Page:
Japan and N. Korea Clash as 6-Party Nuclear Talks Resume
Tuesday, March 20, 2007
BEIJING, March 19 -- Delegates to the latest round of six-party talks on dismantling North Korea's nuclear program completed their first day of official discussions in Beijing on Monday, with an important money dispute apparently settled but another disagreement involving Japan and North Korea raising its head.
China's top negotiator, Vice Foreign Minister Wu Dawei, warned at the talks' opening ceremony that difficulties and obstacles remained.
Assistant Secretary of State Christopher R. Hill, the senior U.S. negotiator, said delegates should proceed to a discussion of how to obtain a full declaration of North Korea's nuclear capabilities and how to disable the nuclear program, in addition to the shutdown of the reactor at Yongbyon by mid-April.
But a Japanese official in Beijing complained of a deadlock over questions about North Korea's abduction of Japanese citizens. "At this juncture, we are not ready to extend energy or economic assistance to North Korea, when the abduction issue or the normalization" of relations between Japan and North Korea "do not show progress," the official said, speaking on condition of anonymity.
South Korea has committed to early delivery of heavy fuel oil to North Korea in exchange for the closure of Yongbyon. A larger energy and economic aid package is currently being shouldered by South Korea, the United States, China and Russia.
But Japan has agreed to provide aid only after North Korea repatriates or credibly explains the fate of Japanese nationals kidnapped by North Korean agents in the 1970s and '80s. In 2002, North Korea admitted to 13 kidnappings and allowed five of the abductees to return home, saying the others had died. The Japanese contend that a total of 17 people were seized and that some may still be alive in North Korea, but that North Korea has ceased to cooperate on the issue.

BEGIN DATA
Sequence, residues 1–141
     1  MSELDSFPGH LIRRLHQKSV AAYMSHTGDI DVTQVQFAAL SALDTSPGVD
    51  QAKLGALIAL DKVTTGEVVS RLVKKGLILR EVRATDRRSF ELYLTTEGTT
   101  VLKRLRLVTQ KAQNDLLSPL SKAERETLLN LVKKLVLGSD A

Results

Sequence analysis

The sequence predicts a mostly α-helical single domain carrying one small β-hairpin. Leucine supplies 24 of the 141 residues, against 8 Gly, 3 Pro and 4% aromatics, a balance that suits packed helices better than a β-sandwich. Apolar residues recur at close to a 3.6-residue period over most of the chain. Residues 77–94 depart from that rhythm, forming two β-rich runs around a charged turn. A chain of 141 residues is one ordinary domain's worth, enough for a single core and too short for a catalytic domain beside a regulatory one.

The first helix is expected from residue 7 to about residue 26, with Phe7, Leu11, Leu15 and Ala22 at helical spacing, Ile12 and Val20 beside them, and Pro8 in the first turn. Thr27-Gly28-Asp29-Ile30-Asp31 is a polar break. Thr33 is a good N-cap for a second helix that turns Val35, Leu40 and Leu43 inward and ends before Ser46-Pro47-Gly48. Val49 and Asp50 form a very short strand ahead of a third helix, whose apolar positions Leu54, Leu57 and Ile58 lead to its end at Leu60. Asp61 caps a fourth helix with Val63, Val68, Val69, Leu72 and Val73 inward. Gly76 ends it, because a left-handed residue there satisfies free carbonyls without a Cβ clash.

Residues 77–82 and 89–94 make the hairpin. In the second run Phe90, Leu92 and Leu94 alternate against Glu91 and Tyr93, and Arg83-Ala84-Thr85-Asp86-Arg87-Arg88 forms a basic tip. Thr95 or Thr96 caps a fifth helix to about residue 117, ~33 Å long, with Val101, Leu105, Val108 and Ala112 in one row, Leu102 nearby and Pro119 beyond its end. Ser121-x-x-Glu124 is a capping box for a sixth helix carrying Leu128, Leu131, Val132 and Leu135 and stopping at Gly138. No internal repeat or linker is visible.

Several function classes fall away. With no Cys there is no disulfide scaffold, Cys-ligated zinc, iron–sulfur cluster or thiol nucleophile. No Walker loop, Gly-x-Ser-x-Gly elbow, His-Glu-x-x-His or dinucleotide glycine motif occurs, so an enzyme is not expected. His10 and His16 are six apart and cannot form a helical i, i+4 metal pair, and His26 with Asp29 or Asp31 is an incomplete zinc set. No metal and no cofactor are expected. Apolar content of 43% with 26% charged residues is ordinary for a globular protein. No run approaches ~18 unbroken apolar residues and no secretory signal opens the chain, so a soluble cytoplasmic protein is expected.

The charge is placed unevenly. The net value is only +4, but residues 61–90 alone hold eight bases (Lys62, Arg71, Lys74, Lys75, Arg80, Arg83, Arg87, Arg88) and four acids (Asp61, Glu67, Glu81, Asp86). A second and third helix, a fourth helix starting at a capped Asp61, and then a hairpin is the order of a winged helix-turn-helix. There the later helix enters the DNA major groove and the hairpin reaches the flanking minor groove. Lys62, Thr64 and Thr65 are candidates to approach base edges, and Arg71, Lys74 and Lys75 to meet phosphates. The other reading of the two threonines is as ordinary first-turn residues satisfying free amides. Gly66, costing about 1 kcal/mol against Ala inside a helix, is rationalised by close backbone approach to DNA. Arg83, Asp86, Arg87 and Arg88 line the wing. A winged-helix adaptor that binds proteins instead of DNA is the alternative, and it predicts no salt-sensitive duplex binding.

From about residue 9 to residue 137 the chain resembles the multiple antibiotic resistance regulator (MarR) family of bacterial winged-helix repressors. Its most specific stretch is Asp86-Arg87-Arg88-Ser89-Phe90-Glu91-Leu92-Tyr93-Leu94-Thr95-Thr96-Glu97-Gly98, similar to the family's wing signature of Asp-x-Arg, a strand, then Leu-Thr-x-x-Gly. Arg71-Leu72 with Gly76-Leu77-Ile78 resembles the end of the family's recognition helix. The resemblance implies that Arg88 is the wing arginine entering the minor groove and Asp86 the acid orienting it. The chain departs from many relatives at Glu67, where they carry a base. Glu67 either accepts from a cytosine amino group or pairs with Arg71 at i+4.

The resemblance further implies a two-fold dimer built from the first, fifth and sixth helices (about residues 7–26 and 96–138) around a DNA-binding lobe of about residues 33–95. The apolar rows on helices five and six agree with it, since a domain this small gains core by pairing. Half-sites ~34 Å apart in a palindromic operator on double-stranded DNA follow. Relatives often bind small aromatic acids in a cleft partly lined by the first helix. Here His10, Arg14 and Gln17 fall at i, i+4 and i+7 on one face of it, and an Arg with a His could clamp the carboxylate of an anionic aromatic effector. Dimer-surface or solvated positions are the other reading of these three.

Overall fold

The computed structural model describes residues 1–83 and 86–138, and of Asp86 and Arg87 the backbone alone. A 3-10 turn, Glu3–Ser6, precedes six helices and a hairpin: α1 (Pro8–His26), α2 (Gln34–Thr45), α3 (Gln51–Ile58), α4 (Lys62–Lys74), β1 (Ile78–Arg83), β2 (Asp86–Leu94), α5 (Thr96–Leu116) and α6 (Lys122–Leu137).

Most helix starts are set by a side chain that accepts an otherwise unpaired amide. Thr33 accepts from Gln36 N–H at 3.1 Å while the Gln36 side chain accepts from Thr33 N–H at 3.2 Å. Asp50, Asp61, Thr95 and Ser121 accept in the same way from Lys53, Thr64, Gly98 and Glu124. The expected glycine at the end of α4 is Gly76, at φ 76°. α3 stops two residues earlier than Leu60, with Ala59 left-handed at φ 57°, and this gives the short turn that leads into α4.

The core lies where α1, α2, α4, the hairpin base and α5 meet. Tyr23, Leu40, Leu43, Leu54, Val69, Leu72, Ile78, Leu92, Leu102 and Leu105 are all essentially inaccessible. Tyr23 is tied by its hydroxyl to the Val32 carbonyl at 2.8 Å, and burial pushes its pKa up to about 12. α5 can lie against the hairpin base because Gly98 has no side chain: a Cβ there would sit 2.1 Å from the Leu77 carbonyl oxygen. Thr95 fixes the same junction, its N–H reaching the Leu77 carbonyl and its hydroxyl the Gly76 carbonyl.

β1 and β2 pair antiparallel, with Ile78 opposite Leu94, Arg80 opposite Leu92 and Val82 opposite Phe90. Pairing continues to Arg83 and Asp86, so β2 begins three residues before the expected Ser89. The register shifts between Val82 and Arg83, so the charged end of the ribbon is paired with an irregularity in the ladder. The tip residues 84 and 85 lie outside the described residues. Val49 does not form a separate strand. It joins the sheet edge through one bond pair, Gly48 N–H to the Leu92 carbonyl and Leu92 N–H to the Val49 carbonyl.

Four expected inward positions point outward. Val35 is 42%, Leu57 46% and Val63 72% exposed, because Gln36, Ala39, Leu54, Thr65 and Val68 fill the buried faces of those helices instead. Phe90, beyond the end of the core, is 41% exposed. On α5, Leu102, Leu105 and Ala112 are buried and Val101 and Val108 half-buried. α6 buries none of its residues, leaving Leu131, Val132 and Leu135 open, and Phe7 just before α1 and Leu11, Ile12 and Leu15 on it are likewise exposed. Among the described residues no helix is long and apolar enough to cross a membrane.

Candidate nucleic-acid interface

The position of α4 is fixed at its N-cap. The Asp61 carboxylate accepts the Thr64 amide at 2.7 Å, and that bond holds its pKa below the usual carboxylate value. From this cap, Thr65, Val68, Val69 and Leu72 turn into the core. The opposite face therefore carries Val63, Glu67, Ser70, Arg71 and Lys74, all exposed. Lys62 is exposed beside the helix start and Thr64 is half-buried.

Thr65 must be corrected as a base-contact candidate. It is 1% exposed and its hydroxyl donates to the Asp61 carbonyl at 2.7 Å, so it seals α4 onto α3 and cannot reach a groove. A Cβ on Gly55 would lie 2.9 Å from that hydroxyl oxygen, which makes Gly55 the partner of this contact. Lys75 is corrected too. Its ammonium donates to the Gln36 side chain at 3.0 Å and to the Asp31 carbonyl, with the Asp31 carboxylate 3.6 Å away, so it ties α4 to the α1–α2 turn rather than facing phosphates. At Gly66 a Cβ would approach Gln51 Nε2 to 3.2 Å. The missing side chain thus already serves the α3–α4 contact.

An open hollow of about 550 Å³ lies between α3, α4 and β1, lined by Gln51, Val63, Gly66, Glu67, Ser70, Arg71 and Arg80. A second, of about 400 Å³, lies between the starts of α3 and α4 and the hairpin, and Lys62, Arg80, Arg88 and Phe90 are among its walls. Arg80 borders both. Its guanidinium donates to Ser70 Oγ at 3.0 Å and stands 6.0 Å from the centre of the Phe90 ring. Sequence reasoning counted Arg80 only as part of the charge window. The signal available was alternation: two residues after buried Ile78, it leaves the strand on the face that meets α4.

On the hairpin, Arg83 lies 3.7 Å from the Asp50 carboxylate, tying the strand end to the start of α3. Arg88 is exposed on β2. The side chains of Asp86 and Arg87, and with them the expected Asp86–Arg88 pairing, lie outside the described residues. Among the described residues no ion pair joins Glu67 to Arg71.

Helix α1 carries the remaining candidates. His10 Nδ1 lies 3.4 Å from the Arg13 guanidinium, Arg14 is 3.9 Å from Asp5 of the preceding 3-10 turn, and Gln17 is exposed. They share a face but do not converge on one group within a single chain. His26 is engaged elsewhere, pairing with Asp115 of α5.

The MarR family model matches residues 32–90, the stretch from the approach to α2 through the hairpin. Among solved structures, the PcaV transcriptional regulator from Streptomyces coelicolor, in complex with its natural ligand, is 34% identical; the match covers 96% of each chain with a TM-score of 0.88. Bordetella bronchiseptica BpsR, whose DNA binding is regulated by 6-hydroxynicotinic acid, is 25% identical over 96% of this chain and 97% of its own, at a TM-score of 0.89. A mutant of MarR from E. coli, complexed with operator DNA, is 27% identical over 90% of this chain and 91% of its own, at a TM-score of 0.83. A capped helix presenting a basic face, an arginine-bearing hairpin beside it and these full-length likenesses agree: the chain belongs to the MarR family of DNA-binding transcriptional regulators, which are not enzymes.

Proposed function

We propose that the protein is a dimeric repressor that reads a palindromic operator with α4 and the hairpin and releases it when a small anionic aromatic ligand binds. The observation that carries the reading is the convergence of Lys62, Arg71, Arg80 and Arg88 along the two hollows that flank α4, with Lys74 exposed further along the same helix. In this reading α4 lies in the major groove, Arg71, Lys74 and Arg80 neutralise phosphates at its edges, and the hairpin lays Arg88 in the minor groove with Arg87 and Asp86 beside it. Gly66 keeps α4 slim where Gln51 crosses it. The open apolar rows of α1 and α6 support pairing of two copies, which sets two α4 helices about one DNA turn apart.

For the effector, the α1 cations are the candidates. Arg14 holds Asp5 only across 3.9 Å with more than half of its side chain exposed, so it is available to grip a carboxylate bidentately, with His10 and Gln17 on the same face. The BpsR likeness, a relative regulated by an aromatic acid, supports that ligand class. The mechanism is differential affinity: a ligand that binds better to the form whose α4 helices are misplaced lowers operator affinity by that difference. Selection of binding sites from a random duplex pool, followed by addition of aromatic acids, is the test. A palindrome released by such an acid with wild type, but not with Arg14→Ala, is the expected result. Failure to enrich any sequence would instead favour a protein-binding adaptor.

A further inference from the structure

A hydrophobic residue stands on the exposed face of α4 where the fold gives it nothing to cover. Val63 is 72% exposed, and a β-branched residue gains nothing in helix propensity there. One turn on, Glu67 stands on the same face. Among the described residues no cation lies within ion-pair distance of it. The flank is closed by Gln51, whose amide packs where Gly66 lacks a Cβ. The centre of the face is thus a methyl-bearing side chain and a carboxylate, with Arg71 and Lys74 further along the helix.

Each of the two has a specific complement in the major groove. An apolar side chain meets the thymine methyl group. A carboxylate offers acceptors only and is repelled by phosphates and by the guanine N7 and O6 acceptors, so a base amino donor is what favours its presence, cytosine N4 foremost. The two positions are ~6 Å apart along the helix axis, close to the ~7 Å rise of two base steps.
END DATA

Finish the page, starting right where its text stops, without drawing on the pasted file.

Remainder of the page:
The issue has become highly politicized in Japan, and Prime Minister Shinzo Abe has staked his reputation on resolving it.
Earlier this month, during a working group discussion in Hanoi intended to help normalize relations between Japan and North Korea and smooth the way for the six-party talks, the North Korean delegates walked out.
"I personally made a strong pitch to the DPRK to pick up the pace with the Japan working group," Hill said Monday evening, using the initials of the North's formal name, the Democratic People's Republic of Korea. "We want to see more progress on the Japan issues, and I think we all know what those issues are," he added later.
At the opening of Monday's talks, North Korea's chief negotiator questioned the right of Japan's envoy to be present.
U.S. officials announced earlier Monday an agreement to release $25 million in frozen North Korean funds held in Banco Delta Asia, a bank in Macau. It was a significant reversal of the Treasury's previous position that much of the money had been illicitly laundered by the bank for North Korea and would remain frozen. North Korean officials seemed satisfied and issued no "ultimatums" about how and when the money would be transferred, Hill said.
The Banco Delta Asia issue ended the last round of six-party talks when North Korea's top envoy insisted it be resolved before any nuclear issues could be discussed.